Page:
The Merchant’s Legacy
Part Four- Aftermath
The arrival of morning saw Katako’s condition improved, though he still remained weak from the ordeal.
“I am fine, Kwaza” he reassured the concerned Nhaqosa. “I can manage. Besides which, we can not afford a delay.”
Nhaqosa nodded in agreement, though he did not look completely convinced by Katako’s protestations. The man looked pale and tired, his cheeks drawn. “Very well,” Nhaqosa said, “But we will split your gear amongst the others to carry.”
They broke their fast with a quick meal, washed down with fresh water from the stream. Waterskins refilled, they headed out once more, making for the hills, travelling through the dry forest that bounded the slow flowing stream.
Despite his best endeavours, or perhaps because of them, Katako soon displayed signs of tiring. He sweated profusely, despite there still being a hint of cool from the night in the early morning, his hair soon plastered to his heat from the damp and his clothes soaked through. The strain of the effort etched itself upon his face, colour draining from it.
He pressed on doggedly, in spite of that, step by step, face locked into an expression of grim determination, focused on the ground just ahead of him. As the morning wore on and the full heat of the day made its appearance, bearing down on them once more, he fell further and further behind.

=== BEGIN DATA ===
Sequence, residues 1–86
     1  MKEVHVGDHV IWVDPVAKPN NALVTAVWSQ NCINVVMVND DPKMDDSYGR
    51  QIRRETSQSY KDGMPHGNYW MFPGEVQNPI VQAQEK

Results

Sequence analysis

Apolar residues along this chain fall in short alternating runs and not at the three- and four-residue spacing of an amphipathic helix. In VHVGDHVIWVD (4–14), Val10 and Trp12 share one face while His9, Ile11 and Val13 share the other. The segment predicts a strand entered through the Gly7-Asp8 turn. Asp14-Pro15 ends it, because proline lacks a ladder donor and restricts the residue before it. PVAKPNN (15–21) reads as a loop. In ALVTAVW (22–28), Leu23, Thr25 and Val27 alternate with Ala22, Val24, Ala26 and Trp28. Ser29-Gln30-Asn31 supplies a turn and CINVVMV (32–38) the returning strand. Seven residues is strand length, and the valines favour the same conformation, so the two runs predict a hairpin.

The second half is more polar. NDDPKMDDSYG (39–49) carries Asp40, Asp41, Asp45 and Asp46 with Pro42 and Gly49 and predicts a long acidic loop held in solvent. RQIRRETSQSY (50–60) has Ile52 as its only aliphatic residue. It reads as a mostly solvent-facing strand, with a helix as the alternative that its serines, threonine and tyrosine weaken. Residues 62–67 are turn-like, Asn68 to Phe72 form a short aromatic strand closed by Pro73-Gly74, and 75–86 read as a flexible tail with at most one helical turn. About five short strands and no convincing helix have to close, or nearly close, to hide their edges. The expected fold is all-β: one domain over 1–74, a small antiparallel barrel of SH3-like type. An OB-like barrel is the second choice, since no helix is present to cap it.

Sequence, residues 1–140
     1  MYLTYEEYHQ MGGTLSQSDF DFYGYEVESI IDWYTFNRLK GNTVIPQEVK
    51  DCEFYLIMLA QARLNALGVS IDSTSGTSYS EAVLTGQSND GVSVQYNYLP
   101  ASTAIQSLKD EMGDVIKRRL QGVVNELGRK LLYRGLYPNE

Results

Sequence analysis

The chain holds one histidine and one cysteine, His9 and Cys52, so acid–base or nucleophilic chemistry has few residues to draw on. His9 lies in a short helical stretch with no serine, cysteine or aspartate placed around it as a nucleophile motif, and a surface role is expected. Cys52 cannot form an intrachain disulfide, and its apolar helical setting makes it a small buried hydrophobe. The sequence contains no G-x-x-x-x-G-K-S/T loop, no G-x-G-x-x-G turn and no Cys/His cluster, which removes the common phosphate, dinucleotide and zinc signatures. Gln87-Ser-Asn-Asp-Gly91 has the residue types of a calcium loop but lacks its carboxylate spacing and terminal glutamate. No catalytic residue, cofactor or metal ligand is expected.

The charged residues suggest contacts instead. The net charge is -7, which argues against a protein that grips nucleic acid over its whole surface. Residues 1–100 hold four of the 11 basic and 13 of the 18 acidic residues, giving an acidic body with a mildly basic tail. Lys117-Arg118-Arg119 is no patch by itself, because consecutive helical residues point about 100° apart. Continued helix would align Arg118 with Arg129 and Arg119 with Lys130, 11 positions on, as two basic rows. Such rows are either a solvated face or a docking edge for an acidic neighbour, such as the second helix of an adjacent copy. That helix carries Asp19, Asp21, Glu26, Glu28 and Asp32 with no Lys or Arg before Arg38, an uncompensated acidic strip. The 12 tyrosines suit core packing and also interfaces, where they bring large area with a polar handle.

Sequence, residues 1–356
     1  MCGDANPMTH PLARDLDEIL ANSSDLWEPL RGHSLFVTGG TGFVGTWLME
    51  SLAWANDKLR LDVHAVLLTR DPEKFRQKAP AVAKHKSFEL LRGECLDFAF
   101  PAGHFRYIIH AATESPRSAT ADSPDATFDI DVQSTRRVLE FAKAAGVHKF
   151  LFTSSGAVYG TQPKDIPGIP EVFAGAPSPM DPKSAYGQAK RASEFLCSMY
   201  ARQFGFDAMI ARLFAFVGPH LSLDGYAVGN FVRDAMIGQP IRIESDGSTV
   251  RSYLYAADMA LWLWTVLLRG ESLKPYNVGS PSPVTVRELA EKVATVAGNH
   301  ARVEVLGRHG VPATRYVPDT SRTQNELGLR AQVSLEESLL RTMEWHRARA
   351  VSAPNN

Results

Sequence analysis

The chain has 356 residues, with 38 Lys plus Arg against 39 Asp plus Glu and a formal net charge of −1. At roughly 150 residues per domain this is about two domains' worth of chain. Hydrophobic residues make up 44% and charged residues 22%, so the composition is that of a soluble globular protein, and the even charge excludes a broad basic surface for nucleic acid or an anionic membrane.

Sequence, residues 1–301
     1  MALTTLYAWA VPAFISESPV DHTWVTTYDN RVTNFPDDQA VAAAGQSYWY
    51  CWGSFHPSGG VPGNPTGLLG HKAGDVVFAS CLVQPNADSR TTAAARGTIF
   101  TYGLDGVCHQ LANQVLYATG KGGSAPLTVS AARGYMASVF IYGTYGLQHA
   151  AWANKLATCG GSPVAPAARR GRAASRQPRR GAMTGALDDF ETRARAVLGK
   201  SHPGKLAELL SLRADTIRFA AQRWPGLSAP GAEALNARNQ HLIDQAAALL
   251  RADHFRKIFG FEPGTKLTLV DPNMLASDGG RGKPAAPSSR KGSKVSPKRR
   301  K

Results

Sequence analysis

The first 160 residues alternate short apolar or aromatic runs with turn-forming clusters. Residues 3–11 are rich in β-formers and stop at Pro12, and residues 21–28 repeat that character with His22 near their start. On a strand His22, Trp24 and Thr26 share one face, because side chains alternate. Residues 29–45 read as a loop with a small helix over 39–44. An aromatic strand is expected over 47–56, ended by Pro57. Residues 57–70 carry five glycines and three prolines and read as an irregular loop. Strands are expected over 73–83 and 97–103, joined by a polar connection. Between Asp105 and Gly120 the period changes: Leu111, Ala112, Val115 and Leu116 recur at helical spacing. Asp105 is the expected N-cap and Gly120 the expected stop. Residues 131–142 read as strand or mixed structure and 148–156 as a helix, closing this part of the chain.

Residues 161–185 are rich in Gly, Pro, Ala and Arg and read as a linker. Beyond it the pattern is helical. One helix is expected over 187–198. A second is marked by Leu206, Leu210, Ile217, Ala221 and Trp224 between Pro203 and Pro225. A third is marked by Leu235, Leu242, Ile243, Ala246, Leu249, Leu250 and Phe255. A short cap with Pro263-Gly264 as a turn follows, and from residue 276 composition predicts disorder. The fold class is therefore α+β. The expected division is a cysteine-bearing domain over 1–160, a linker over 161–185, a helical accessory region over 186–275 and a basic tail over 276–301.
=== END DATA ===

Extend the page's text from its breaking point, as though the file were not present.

“This is not working,” Abasan told Nhaqosa as the pair paused to wait for Katako to catch up, the struggling man grimly following their trail.
“I know, but what can we do?” Nhaqosa rumbled, tail twitching behind him. “We can not leave him behind, yet he was correct in that we can not afford to delay either.”
“He saved my life at Halkhur, Kwaza,” Abasan said. “That is not easily forgotten and makes it all the more harder. We may have to leave him behind and return for him later.”
“No,” Nhaqosa replied, steel in his voice. “There is another option. Malkut,” he called out, motioning across one of the other men of the band, a tall, broad shouldered man, the largest and strongest after himself. “I need you to carry this for me,” he said, carefully handing over his heavy stone-headed maul.
The dark haired, burly Malkut took the maul with profound respect. “I will, Kwaza.” He shifted his weight to feel for the balance and grip of the weapon before shaking his head in wonder, a lopsided grin splitting his face. “I do not know how you can use this.”
Nhaqosa laughed, a deep rumbling sound, as he turned towards Katako. The man, just caught up, sagged against a tree, supporting himself there as he breathed heavily. “My friend,” Nhaqosa told him, “You are still too weak and not yet recovered from the poison. You must let me carry you.”
“No Kwaza,” Katako objected, shaking his head. “I can do this.” He straightened up and took a step forward before starting to sag and buckle at the knees. Only Nhaqosa’s quick response in grabbing a hold of his arm prevented him from collapsing to the ground.
“You can barely stand, my friend.” Despite Katako’s feeble efforts to stop him, Nhaqosa gathered up the physical drained man in his arms. “There is no shame in letting a friend carry you in a time of need.”
“I rather think that when people say that, they do not actually mean it” Katako tiredly noted.
“In this case we shall go with the literal sense,” Nhaqosa said, starting out walking towards the hills once more.
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